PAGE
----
Learning from the past, Liberty Township trustees approved a resolution June 22 declaring the necessity for the renewal of a levy to benefit the township’s fire department. That levy will appear on the Nov. 7 ballot.
If voters pass the levy, it would commence in 2018 and the first collection of the tax wouldn’t be due until 2019. The 5.6-mill levy amounts to 56 cents for each one hundred dollars of valuation. The owner of a $100,000 home would pay $165.79 annually.
“We’re being proactive,” said Trustee Melanie Leneghan. “The reason we’re proactive is to protect the fire department.”
Leneghan, looking back at the 2012 levy failure, said the board doesn’t want the levy to expire and the fire department to be without funding.
Chief Tom O’Brien was hired by trustees in February. Since his hiring, Leneghan said the fire department is more stable financially due to policies O’Brien has instituted. However, in November 2016 the outlook for the fire department wasn’t as positive as it is now.
“We’ve got money now, but in November I was being told we didn’t have any money,” Leneghan said. “Chief O’Brien wasn’t there.”
Leneghan started a discussion during a November 2016 trustee meeting about possibly turning over the EMS function of the fire department to the Delaware County EMS system. She based the discussion on an EMS study conducted by Delaware County Commissioners.
The county offers EMS service to all municipalities and townships, except in the City of Delaware and Liberty Township. Several other county entities’ fire departments offer EMS for their jurisdictions supported by individual levies.
Last November, Leneghan said she believed the trustees should look at the numbers of the study because the annual expense for Liberty Township alone is $5 million. The county plan proposes paying $17 million annually to cover the entire county.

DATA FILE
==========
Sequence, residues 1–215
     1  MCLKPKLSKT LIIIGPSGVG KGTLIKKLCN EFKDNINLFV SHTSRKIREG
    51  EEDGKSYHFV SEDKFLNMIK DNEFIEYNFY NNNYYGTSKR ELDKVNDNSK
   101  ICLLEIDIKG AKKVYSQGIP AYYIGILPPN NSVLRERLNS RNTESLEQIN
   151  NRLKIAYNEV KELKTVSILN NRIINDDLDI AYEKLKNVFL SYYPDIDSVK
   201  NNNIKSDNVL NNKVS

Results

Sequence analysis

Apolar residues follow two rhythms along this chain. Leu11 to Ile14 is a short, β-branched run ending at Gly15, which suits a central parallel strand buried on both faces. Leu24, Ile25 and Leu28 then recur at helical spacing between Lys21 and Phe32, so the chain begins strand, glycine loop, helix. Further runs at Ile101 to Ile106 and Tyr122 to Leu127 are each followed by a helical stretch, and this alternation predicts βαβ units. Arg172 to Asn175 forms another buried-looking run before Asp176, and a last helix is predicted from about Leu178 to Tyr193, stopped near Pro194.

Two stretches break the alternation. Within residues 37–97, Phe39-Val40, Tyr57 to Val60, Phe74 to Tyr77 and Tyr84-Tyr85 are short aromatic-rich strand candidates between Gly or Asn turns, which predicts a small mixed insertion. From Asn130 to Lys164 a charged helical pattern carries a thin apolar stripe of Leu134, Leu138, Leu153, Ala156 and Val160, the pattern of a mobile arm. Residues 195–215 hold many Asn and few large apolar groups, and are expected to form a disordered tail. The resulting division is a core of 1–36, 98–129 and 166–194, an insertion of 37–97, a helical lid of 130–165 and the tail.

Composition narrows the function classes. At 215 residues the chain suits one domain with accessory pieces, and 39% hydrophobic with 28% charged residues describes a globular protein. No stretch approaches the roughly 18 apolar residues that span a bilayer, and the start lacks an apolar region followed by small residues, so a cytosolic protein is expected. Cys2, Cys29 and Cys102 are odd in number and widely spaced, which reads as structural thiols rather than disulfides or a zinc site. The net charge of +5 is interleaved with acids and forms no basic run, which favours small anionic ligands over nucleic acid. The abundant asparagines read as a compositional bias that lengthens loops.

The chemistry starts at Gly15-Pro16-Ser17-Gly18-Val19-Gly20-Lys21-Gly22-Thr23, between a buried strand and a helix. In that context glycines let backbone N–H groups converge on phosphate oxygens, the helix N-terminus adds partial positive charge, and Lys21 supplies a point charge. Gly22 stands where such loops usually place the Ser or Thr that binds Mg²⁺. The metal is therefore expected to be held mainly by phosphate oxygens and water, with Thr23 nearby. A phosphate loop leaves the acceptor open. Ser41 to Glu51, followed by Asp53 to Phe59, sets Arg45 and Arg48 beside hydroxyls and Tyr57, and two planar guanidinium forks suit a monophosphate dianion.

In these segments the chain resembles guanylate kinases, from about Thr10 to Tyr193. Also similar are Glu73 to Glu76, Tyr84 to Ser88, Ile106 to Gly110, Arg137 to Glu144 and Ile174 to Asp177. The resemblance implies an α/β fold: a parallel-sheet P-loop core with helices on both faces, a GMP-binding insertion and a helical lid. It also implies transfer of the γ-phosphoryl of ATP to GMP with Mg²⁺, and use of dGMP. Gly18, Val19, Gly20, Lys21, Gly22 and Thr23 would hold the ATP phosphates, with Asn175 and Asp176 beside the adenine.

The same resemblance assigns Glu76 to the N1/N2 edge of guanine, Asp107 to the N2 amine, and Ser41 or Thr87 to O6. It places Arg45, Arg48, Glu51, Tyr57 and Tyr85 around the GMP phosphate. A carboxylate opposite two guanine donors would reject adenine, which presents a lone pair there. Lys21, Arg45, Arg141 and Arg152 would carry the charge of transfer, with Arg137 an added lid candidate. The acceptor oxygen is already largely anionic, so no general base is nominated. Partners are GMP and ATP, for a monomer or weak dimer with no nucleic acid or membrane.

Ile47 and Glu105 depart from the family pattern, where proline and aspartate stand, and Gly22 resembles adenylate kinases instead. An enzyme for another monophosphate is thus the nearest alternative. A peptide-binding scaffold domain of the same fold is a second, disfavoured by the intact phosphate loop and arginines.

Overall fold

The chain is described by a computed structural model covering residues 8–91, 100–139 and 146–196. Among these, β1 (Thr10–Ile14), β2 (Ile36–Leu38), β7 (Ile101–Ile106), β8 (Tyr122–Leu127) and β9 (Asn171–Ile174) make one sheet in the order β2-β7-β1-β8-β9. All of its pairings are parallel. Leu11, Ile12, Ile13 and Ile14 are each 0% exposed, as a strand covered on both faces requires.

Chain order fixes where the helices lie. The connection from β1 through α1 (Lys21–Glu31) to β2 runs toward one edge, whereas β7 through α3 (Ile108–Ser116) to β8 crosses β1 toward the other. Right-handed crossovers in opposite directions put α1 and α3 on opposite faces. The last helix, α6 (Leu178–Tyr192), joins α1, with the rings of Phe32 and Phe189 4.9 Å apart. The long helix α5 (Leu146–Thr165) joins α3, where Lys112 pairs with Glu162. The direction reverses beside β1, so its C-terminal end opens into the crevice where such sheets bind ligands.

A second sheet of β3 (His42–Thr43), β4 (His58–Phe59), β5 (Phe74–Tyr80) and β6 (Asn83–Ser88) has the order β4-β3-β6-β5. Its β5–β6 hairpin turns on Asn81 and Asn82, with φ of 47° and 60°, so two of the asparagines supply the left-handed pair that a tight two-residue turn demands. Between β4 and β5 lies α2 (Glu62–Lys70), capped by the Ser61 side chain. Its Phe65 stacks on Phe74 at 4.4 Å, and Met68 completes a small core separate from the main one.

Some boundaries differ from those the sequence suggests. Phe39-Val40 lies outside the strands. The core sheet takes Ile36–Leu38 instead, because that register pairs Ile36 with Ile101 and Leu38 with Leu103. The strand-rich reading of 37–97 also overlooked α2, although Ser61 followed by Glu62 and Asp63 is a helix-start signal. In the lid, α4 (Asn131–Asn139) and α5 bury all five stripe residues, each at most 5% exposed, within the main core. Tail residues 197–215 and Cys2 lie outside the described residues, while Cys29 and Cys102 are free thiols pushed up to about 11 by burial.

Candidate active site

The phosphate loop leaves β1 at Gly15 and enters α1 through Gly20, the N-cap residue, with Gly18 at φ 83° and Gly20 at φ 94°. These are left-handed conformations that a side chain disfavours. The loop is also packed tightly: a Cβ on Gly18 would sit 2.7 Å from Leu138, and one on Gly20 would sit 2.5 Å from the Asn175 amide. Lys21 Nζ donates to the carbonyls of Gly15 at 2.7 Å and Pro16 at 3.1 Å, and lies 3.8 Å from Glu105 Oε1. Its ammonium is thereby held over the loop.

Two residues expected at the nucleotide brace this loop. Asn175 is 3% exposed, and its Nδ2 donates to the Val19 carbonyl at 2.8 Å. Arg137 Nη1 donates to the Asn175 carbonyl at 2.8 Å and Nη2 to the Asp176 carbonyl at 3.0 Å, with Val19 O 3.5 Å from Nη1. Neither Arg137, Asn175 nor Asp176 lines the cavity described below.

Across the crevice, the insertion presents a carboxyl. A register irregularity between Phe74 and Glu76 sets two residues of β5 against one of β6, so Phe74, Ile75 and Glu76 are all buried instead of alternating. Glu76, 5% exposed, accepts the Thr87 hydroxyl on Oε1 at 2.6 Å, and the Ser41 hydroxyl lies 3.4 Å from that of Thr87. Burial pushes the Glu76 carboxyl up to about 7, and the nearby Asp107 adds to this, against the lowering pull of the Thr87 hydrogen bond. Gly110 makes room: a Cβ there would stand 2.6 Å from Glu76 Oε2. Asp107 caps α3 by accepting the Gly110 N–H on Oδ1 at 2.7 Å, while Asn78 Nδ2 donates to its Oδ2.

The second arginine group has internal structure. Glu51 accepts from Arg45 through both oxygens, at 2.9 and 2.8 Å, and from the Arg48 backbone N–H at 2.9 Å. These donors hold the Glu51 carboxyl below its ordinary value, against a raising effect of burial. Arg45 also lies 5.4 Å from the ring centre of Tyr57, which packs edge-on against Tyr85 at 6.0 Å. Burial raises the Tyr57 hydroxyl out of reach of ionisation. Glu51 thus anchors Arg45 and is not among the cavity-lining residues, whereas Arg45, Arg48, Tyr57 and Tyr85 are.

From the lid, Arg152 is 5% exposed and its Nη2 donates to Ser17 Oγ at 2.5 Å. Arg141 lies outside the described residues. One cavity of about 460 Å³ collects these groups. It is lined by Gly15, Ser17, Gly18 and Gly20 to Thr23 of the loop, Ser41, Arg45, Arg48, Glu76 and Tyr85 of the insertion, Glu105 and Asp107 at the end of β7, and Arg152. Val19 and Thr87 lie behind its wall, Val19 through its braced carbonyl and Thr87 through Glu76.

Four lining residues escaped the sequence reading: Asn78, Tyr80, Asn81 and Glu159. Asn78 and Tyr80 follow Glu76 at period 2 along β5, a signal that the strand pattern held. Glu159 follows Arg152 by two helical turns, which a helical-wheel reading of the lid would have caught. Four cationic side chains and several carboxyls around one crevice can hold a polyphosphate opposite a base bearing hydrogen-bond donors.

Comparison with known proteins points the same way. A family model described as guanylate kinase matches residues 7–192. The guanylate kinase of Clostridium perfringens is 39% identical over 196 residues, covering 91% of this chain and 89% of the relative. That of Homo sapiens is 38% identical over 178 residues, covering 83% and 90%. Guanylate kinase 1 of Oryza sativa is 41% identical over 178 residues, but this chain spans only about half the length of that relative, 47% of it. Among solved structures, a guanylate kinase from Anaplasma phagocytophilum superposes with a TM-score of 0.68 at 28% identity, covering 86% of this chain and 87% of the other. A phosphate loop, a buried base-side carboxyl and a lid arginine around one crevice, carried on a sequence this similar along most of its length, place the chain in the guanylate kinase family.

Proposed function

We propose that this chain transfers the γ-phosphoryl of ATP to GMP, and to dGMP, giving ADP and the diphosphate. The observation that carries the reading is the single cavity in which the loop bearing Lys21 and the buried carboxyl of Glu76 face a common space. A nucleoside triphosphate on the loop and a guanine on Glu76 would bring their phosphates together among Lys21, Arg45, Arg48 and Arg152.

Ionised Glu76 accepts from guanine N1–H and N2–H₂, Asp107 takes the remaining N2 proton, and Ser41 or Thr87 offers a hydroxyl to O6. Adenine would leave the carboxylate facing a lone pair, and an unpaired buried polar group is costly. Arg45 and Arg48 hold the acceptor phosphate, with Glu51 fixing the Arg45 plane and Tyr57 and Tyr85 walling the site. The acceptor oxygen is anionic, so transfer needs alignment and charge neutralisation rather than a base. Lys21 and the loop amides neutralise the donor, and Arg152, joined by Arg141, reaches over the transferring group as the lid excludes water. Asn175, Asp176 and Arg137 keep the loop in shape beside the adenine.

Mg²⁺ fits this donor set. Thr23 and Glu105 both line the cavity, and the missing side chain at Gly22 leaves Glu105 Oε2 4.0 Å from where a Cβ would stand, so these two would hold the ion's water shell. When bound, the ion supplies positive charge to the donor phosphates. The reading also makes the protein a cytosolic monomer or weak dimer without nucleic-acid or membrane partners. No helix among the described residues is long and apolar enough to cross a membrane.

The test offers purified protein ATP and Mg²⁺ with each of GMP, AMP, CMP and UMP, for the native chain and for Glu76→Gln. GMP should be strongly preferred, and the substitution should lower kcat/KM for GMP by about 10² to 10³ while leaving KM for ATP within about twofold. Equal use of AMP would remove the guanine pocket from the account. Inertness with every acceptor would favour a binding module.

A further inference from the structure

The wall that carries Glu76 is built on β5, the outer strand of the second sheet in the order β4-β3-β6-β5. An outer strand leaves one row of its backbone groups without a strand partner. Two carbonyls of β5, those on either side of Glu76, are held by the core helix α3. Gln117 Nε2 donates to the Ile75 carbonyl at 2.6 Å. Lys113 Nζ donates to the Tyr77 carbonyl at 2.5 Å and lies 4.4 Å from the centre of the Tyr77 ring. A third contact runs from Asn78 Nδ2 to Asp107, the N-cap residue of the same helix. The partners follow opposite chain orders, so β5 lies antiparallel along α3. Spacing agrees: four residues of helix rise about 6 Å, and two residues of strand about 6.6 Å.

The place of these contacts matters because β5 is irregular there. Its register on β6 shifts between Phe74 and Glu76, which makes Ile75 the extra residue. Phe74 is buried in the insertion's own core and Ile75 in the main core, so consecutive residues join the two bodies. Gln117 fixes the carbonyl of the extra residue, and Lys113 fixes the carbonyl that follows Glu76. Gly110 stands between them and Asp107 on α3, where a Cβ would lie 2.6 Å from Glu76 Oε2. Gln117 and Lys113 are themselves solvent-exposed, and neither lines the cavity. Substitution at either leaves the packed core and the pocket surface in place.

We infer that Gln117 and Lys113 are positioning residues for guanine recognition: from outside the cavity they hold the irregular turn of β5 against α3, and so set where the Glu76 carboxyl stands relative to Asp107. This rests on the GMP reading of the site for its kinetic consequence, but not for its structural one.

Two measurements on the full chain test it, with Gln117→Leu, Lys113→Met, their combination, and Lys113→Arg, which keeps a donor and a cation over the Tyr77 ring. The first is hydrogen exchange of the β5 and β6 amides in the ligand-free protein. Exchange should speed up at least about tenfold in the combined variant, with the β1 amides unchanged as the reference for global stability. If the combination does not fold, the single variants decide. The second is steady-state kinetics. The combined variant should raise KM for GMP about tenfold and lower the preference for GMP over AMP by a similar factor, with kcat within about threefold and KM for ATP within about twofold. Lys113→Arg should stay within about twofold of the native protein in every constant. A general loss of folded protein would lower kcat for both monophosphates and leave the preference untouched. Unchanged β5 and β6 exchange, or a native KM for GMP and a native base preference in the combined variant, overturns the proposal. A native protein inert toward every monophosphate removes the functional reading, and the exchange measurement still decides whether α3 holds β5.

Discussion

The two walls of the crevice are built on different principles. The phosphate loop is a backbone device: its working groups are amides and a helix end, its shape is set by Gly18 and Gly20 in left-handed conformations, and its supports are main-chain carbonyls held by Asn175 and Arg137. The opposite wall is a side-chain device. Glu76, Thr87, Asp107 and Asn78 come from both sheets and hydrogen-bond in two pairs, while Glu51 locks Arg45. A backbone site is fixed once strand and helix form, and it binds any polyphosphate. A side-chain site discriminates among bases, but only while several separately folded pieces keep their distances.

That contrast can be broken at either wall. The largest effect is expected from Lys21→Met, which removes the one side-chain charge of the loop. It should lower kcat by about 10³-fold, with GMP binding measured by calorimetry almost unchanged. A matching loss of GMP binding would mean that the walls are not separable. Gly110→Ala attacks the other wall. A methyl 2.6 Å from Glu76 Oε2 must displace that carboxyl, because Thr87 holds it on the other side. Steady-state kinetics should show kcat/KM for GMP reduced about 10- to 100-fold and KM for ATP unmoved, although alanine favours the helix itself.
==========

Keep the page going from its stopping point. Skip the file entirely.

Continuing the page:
“I was told the township was broke and I was looking at alternatives,” Leneghan said about the discussion in November. Her thought at the time was, “I would have Delaware County take care of the Columbus Zoo and the northern part of the township as an alternative if we’re broke.”
Delaware County EMS is funded through the county’s general fund which is supported by a half-percent sales tax throughout the county. Liberty Township’s fire department receives a reimbursement for each run they make as a partner of the county.
Leneghan said questions have been raised about paying both taxes.
“I have heard some people ask why we’re paying for both,” she said. “If the residents of the community said, ‘we want lower taxes,’ I would propose exploring the idea.”
But at this time Leneghan said she wasn’t promoting the change in the current fire-EMS model. She said her wanting to make the change was a rumor started on social media.
“I have full confidence in Chief O’Brien,” she said. “Our fire department is extraordinary.”
Trustee Tom Mitchell said, “I’m absolutely in support of the levy,” in a phone interview with The Gazette.
Trustee Shyra Eichhorn couldn’t be reached for comment, but during the June 22 meeting, she told O’Brien he had her full support in pursuing the levy.